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I don’t know about you, but I am very ready for fall to get here and for the 100+ degree heat and 90% humidity to go.
I’m convinced that anyone who says that their favorite season is summer has not lived in the south during the summer months.
Fall decorating seems to be getting underway though, all the stores are stocking up on everything fall + Halloween, and Starbucks recently re-released their fall classic Pumpkin Spice Latte (🤢🤮).
If you follow me on Instagram, you know that I’ve been making hoards of yarn gourds lately.
Last week I started selling them in a few local boutiques, as well as in my online shop.
I’ve been getting a lot of questions about how I finish my pumpkins, so in honor of pumpkin season starting, I’m going to share a few different ways of spicing up your yarn pumpkins.
The pumpkin pattern you use will typically show you how to adorn your finished pumpkin, you can easily change up the look just by changing the finishing adornments.
For all of the crocheted adornments, use the same hook and yarn weight that you used to make your pumpkin body. I generally use a no. 4 weight acrylic yarn.
The crochet hooks I used for all of these are my favorite ergonomic Boye hooks.
Simple crochet stem
Magic ring, 6 sc into ring.
For a larger stem, 2 sc in each stitch around.
In the back loops, sc around (6 sts or 12 sts)
In both loops now, single crochet around until the stem is your desired height.
I usually do about 3 rounds total for the smaller pumpkins and 6 total rounds for the larger stems.
Once the stem becomes your desired height, join with a slip stitch and fasten off, leaving a tail long enough to sew on to your pumpkin (generally about 10 inches).
The yarn I used for these stems is Red Heart With Love in Toast
These corkscrews vines look more complicated than they actually are and make a nice addition to any yarn pumpkin.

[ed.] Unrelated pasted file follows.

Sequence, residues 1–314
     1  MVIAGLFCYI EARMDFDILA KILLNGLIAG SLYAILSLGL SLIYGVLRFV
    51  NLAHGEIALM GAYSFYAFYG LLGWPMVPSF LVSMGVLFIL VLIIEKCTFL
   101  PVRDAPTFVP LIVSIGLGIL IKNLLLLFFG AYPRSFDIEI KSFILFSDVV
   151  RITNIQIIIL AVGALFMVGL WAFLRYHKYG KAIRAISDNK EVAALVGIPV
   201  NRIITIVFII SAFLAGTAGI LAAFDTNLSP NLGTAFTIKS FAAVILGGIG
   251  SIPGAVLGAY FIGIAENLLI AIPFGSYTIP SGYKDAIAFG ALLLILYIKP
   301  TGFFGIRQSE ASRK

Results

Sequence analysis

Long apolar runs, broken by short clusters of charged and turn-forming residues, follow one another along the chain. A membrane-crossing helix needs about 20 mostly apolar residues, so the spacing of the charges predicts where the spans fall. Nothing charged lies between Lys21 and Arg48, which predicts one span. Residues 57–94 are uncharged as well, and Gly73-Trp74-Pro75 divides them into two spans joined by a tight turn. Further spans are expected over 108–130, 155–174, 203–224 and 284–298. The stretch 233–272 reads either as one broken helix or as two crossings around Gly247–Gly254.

Chain a number about three times the length that you want your finished vine to be.
In the second chain from hook, sc increase in each chain and repeat down the remaining length of the chain. You’ll see that it quickly starts to coil up.
Fasten off, leaving a long enough tail to sew on to your pumpkin.
Yarn used: Red Heart Soft in Leaf, the pumpkin is made with Lion Brand’s Vanna’s Choice in Rust.
Cinnamon Stick Stem
This is my personal favorite way to add a stem to my yarn pumpkins. It’s quick and easy. Plus it lends a subtle fall scent & who doesn’t like cinnamon?
You can use any whole cinnamon sticks for these and you can find them in the spice / baking aisle of pretty much any grocery store.
The sticks I’m currently using are from a small jar of cinnamon sticks that I found at Walmart.
I may or may not keep the jar in my craft cart just to open & smell now and then. 😅
I typically add these to medium and large sized pumpkins.
Depending on the size of your pumpkin and how tall of a stem you want in relation, you can break the cinnamon stick in half to create a shorter stem.
Most of the time I just snap the sticks in half with my hands, but for thicker ones you could use heavy duty craft scissors or kitchen shears.
To add a cinnamon stick stem, after you’ve stuffed the pumpkin, start cinching the top closed but don’t pull it all the way shut.
Insert the blunt non hook end of a crochet hook into the hole to make a tunnel in the stuffing for the cinnamon stick to go into.
Insert the cinnamon stick and finish cinching the pumpkin closed.
Pass the needle back through the stitches and tighten to secure the stem in place.
I’ve found that this is secure enough to hold the stem in place, but if desired, you could also hot glue the stem in place.
If you do use hot glue to secure the stem, be careful as acrylic yarn, and polyester stuffing can melt.
Suede Pumpkin Stem Tags
If you want a different and pre-made option, these cute little engraved pumpkin stems from Angie & Brit are a great choice.
Made of faux suede leather, they’re available in 25 different colors and engraved with seasonal phrases. They are available in packs of either 22 or 44 stems / tags.
Custom engraving is also available.
Angie & Brit also has faux leather leaves available to adorn your pumpkins.
Be sure to subscribe and come back later in the week for a pumpkin pattern round up post where I share the links to all of the patterns I’ve used so far.
This post first appeared on yarn-bending.com